Let's touch a bit on how that infrastructure fared better in many places because of that resilient response that you just spoke of. What did Irene teach Vermont about how it builds and maintains bridges, culverts and riverbanks and things like that?

Well, I think the biggest lesson is that we must rebuild with climate change in mind. We designed our recovery with resilience. For example, we've worked so hard on the state system, and also the town's system to ensure that we didn't just replace culverts and bridges the way they had been before, but we built them at a larger span for bridges, larger volume for culverts. I think that has had a tremendous impact on the system where, after Irene we lost 200 bridges overnight. But as far as I've learned, so far, only two bridges along the state highway system have been impacted.

Well, I think the biggest lesson is that we must rebuild with climate change in mind.
Sue Minter

But it's more than just larger bridges and culverts. It's really understanding that nature will win and that we have to design our systems in concert with nature. Rather than the historic pattern of dredging and straightening our rivers, we're actually interested in allowing them to flood where they need to flood and to meander so that they slow down. So that we actually reduce the volume and velocity and destructive power of rivers. But most importantly, we also help get people out of harm's way. By that I mean having a buyout program where we helped over 150 Vermonters actually not return to the home they loved, but to help remove that home and turning it into floodplain and helping people relocate. That's probably the hardest lesson that many, many homeowners and communities are learning today. There are places where really we shouldn't build back.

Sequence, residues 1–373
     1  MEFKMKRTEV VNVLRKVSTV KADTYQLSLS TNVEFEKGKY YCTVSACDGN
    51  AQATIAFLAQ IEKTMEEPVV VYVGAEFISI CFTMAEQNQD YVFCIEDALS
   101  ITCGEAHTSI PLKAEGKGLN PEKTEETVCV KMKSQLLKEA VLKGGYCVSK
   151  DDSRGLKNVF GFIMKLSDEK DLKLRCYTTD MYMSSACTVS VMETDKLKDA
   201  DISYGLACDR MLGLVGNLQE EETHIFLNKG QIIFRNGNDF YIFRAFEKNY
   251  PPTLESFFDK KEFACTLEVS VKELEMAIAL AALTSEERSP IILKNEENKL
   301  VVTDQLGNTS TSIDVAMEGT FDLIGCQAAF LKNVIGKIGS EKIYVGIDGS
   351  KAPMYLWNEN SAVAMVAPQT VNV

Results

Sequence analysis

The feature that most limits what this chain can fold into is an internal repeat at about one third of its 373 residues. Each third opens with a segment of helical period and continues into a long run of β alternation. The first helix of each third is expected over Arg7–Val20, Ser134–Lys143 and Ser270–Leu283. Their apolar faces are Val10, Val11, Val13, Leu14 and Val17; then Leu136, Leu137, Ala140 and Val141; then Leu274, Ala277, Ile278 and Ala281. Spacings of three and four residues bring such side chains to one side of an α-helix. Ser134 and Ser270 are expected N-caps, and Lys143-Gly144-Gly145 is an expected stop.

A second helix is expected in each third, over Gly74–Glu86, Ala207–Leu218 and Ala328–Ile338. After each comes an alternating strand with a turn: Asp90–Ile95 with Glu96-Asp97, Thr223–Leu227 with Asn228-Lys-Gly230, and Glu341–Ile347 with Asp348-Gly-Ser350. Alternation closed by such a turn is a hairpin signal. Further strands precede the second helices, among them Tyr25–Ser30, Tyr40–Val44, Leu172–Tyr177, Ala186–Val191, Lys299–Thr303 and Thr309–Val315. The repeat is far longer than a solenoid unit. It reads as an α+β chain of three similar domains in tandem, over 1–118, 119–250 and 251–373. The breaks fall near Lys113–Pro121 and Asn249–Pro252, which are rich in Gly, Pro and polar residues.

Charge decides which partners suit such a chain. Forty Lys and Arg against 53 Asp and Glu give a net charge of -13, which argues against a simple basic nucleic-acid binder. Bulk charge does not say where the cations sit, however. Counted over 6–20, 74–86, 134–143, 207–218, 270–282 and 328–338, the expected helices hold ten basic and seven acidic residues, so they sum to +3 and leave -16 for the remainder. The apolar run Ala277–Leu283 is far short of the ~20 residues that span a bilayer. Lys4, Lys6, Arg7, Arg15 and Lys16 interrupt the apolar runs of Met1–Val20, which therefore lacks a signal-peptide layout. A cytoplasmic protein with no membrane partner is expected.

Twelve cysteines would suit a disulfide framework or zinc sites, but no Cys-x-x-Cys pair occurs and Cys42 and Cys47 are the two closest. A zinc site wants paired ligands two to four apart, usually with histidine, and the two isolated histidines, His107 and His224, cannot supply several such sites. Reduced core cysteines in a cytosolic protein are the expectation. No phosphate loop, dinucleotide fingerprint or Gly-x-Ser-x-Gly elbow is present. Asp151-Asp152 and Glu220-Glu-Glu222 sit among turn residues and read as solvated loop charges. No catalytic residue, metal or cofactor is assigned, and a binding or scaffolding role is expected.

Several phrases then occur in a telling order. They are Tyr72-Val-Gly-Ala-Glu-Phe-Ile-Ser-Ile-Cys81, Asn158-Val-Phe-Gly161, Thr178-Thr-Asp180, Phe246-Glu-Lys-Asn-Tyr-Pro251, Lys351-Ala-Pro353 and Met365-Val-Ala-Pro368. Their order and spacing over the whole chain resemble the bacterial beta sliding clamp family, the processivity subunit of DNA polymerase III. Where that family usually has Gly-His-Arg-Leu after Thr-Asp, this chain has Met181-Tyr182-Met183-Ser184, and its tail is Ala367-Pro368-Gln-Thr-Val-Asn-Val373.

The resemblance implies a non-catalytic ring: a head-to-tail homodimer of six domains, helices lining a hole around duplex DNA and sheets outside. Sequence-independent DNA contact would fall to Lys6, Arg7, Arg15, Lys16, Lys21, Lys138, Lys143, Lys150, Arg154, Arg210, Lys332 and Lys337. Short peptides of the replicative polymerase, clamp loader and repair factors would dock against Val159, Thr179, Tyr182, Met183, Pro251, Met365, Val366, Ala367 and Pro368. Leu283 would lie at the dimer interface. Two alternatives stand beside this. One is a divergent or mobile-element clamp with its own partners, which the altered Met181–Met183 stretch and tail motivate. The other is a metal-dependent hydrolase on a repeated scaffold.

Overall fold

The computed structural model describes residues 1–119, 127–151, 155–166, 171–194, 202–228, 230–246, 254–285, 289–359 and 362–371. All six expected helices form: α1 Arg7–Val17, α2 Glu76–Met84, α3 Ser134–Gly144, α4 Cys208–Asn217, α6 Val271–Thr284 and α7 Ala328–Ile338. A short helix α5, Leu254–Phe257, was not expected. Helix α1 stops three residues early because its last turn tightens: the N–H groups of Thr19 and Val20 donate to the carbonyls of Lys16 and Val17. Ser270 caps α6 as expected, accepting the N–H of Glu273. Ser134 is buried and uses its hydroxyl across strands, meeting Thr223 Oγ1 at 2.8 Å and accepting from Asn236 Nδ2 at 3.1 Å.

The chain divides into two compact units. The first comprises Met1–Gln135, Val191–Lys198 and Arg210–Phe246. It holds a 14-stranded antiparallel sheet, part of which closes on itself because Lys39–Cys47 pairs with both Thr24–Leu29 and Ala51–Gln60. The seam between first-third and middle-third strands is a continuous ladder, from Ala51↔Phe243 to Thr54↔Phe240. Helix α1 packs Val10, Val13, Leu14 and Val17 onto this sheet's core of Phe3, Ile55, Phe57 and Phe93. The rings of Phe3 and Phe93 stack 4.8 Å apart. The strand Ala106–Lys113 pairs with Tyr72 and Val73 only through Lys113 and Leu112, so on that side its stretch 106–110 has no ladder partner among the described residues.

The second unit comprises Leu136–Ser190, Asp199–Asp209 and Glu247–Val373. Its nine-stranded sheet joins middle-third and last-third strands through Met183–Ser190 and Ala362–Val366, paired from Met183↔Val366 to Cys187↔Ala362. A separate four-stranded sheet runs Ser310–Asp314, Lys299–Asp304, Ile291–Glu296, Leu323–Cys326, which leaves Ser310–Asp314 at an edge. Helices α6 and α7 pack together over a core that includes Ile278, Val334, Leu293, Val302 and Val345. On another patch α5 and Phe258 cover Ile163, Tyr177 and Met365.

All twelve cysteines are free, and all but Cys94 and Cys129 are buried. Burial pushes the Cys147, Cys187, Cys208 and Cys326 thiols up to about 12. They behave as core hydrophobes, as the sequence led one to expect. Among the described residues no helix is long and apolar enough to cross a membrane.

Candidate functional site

You mentioned moving away from fossil fuels and creating more resilient infrastructure and designs and even changing roadways that have flooded more than once. I'm wondering what kinds of questions do we need to be asking from this disaster to prepare for the next one?

I think what I learned after Tropical Storm Irene is that you've got to think about taking advantage of this disruption to really make dramatic change. If folks who have lost their oil tanks can decide, "I'm not just going to get that tank out of my basement — I'm going to get a cold weather heat pump. I'm going to go electric." If we can work with our utilities and our Department of Public Service to help financially support and subsidize in some cases how people are building so that they are getting off of climate-inducing energy and into more green energy — that's the kind of larger scale change that's going to actually help us move forward. We have to really make lemonade out of these lemons.

I've seen that happen after Irene on so many fronts. If we innovate, if we think about the future, if we actually build for the future — we can do much better when this comes next time. If we're doing it with climate mitigation in mind, meaning we're actually reducing our reliance on fossil fuel and moving to more climate supportive infrastructure, we can be really faring better for all of us.

Have questions, comments or tips? Send us a message.

Mary Williams Engisch is a local host on All Things Considered.